Primary productivity of natural grass ecosystems of the tropics: A reappraisal

S. P. Long, E. Garcia Moya, S. K. Imbamba, A. Kamnalrut, M. T.F. Piedade, J. M.O. Scurlock, Y. K. Shen, D. O. Hall

Research output: Contribution to journalArticlepeer-review

Abstract

Studies of net primary production in four contrasting tropical grasslands show that when full account is taken of losses of plant organs above- and below-ground these ecosystems are far more productive than earlier suggested. Previous values have mainly been provided by the International Biological Programme (IBP), where estimates of production were based on a change in vegetation mass alone and would not necessarily have taken full account of organ losses and turnover. Calculation at three of our sites based on estblished methodology using changes in plant mass alone (i.e. that used by the International Biological Programme, IBP) proved to be serious underestimates of when acount was taken of losses simultaneously with measurement of change in plant mass. Accounting for the turnover of material at these three sites resulted in productivities up to five times higher than were obtained using the standard IBP procedure. An emergent C4 grass stand at a fourth site in the Amazon achieved a productivity which approached the maximum recorded for agricultural crops. In this case, productivity values, when organ losses were taken into account, only slightly exceeded that obtained with IBP methods. The findings reported here have wider implications, in prediction of global carbon cycling, remote sensing of plant productivity and impact assessment of conversion to arable cropping systems.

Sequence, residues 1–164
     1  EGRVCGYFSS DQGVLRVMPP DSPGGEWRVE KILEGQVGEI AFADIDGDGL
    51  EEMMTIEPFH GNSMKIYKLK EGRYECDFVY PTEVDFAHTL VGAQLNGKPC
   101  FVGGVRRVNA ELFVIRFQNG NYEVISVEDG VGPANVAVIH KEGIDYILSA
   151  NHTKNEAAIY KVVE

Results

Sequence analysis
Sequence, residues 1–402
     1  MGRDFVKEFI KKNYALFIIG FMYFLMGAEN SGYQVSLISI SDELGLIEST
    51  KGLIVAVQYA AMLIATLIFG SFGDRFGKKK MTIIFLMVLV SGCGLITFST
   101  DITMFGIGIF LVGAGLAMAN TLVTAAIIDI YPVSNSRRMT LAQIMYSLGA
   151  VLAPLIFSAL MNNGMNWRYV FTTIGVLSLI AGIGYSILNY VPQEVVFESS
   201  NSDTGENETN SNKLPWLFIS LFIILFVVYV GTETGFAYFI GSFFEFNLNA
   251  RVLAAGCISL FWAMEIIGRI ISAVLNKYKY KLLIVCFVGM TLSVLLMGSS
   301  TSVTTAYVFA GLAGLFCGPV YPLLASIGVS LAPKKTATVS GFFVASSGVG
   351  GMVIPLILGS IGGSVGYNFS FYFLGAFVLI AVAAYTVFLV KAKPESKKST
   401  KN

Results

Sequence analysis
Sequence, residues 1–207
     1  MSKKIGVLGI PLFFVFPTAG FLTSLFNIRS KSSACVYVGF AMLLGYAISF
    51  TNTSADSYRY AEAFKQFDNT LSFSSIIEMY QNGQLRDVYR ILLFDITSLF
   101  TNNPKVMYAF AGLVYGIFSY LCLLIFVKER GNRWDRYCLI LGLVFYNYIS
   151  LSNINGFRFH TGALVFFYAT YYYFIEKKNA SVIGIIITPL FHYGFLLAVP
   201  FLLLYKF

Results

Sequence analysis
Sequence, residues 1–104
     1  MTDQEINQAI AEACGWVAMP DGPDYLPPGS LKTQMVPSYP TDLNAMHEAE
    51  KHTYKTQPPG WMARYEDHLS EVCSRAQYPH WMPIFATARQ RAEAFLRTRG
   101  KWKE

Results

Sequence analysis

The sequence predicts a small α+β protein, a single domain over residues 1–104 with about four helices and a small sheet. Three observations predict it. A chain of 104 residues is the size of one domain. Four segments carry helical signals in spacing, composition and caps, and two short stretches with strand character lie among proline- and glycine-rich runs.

Original languageEnglish (US)
Pages (from-to)155-166
Number of pages12
JournalPlant and Soil
Volume115
Issue number2
DOIs
StatePublished - Apr 1 1989
Externally publishedYes

Keywords

  • Distichlis spicata
  • Echinochloa polystachya
  • Eulalia trispicata
  • Lophopogon intermedius
  • Pennisetum mezianum
  • Themeda triandra
  • biomass
  • decomposition
  • primary production
  • primary productivity

ASJC Scopus subject areas

  • Soil Science
  • Plant Science

Fingerprint Dive into the research topics of 'Primary productivity of natural grass ecosystems of the tropics: A reappraisal'. Together they form a unique fingerprint.

Cite this